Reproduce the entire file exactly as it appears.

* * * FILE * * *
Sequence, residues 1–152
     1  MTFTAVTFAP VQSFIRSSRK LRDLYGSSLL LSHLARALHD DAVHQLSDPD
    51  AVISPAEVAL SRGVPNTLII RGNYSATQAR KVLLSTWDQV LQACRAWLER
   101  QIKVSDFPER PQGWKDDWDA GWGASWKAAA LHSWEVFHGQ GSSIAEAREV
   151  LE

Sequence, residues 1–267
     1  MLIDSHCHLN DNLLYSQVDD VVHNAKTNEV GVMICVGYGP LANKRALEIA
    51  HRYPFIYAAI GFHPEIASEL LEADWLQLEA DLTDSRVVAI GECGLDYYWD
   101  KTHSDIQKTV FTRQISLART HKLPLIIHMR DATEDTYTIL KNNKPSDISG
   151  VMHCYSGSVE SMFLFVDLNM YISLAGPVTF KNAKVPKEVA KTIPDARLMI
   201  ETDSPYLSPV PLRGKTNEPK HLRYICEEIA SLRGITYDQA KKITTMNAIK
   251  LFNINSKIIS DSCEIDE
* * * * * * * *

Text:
Sequence, residues 1–152
     1  MTFTAVTFAP VQSFIRSSRK LRDLYGSSLL LSHLARALHD DAVHQLSDPD
    51  AVISPAEVAL SRGVPNTLII RGNYSATQAR KVLLSTWDQV LQACRAWLER
   101  QIKVSDFPER PQGWKDDWDA GWGASWKAAA LHSWEVFHGQ GSSIAEAREV
   151  LE

Sequence, residues 1–267
     1  MLIDSHCHLN DNLLYSQVDD VVHNAKTNEV GVMICVGYGP LANKRALEIA
    51  HRYPFIYAAI GFHPEIASEL LEADWLQLEA DLTDSRVVAI GECGLDYYWD
   101  KTHSDIQKTV FTRQISLART HKLPLIIHMR DATEDTYTIL KNNKPSDISG
   151  VMHCYSGSVE SMFLFVDLNM YISLAGPVTF KNAKVPKEVA KTIPDARLMI
   201  ETDSPYLSPV PLRGKTNEPK HLRYICEEIA SLRGITYDQA KKITTMNAIK
   251  LFNINSKIIS DSCEIDE